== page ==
Eating for well-being

Finding a quiet moment in a world of technology is difficult. Distractions are at the touch of a button. Review Abby's suggestions to help you pay attention and enjoy your meals and snacks.

We are a nation of multi-taskers. It seems that doing one thing at a time is rare and that includes while eating a meal or snack. Think back to your last meal. What did it look like? Were you relaxed? Did you notice what you were eating? Did you pay attention to your mouth and yourself? Most importantly, was the meal satisfying? Too often we have delicious food and don’t even recognize it. We simply tune out.

Focused eating or more commonly called, mindful eating, allows enjoyment of food. Both mean eating with awareness. Not awareness of the foods on your plate, but awareness of the eating experience. Noticing sensations that happen with eating – chewing, tasting, swallowing, hunger cues, appetite or even the emotional response. Focused eating is about the “how” and not the “what” of eating. Paying attention at the meal allows you to attend to the experience and become aware of sensations in the body. That awareness brings a choice with eating. The choice to eat more or to eat less. The choice to eat fast or to eat slow. What other choices do you have? What do you prefer?

Too often I hear clients tell me they can’t remember what they ate or before they knew it, the food was gone. The awareness is not there thus, no choice. Having a choice puts you in charge of your eating. Take charge of your eating, allow choices at your meals and snacks - pay attention!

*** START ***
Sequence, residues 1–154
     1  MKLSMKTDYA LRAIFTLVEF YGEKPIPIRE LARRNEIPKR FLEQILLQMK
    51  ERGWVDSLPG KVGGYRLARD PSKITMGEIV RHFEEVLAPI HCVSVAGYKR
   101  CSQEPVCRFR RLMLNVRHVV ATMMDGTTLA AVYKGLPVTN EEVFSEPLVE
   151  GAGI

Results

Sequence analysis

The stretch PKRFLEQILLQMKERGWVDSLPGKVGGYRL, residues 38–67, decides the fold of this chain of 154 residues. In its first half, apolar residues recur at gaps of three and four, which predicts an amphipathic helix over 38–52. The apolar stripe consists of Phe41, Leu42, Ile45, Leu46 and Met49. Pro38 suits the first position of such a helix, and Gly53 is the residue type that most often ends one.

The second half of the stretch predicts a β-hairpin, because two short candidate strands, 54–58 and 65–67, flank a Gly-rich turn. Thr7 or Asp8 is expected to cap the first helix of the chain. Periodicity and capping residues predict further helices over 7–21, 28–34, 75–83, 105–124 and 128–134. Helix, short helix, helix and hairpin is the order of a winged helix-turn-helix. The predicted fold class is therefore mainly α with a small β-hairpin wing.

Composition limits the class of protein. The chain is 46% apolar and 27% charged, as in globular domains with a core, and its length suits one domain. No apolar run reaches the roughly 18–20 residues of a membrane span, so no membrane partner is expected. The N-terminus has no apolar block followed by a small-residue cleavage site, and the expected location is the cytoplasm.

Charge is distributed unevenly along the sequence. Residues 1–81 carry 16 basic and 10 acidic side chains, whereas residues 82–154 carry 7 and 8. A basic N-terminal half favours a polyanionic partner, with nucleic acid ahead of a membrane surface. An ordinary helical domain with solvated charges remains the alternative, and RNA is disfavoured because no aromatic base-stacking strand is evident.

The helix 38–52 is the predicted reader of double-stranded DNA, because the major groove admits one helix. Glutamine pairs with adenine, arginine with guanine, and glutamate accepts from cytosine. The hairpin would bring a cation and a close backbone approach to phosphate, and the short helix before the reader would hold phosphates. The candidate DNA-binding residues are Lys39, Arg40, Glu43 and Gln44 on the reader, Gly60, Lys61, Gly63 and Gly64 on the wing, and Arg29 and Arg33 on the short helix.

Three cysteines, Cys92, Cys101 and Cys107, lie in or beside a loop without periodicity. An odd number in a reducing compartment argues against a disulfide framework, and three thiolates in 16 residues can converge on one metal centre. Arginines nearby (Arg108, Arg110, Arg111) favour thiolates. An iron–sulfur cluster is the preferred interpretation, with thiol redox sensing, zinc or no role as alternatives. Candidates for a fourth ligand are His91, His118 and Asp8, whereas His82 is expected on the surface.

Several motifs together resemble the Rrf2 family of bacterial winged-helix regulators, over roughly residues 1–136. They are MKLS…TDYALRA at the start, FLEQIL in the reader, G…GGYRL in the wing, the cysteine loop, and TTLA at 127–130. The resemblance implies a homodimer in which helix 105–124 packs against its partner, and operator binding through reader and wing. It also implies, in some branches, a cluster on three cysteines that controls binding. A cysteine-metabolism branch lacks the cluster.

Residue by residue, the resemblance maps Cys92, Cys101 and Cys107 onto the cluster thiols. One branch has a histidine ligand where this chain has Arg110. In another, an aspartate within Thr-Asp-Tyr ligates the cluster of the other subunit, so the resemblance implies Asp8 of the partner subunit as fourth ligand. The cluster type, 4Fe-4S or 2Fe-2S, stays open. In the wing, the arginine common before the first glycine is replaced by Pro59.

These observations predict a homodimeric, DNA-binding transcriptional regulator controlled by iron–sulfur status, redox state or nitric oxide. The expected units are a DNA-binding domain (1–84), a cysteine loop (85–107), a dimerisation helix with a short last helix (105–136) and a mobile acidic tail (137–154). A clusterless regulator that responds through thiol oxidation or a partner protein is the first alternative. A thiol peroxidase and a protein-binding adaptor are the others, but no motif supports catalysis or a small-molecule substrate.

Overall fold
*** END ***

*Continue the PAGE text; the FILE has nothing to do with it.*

Practicing Focused Eating

1.  Tune in to yourself.

Go to the table hungry and ready for a meal. Take a minute to relax before eating. Check in: How are you feeling? What is the intent with this meal or snack? Notice your internal regulation cues – hunger and appetite. Take a centering breath or two or three, maybe close your eyes and leave distractions behind. Relax.

2.  Tune in to your food.

Notice your food with all senses, before you take that first bite. Smelling it gives you that first introduction to the flavor of food. As you take a bite, notice chewing and swallowing of the food as it makes its way through your mouth and down your throat. When your mind starts to wonder, it’s okay. Slowly bring your attention back to the food in your mouth. Close your eyes and focus on what is going on - notice the experience.

3.  Ignore your plate.

Focus on what is happening with the food in your mouth. Give attention to what you are eating now, not what is coming with the next bite. Put a bite in your mouth and notice the taste and how you respond. Ignore what is waiting on the plate in front of you. Maybe put your fork down or close your eyes. The food on the pate is not going anywhere. Focus on the bite you have taken.

4.  Take time to eat.

Make time for regular and reliable meals. Taking time to pay attention to the eating experience allows you to enjoy the meal and feel satisfied. Try adding 5-10 minutes to your meals. A full day is 24 hours, taking at least 15 minutes for each meal seems reasonable. If you can, find a place to sit down, relax and enjoy it!

Focused eating takes practice. Practice as often as you like. Make discoveries about your eating behaviors and have a choice in the “how” you eat. Most importantly – truly enjoy the meal! After a while, you may find yourself checking-in with the first bite of every meal or snack to help set your focus. Take charge of your eating. Try this focused eating practice and see what you discover!

Abby Richey, MS ,RD

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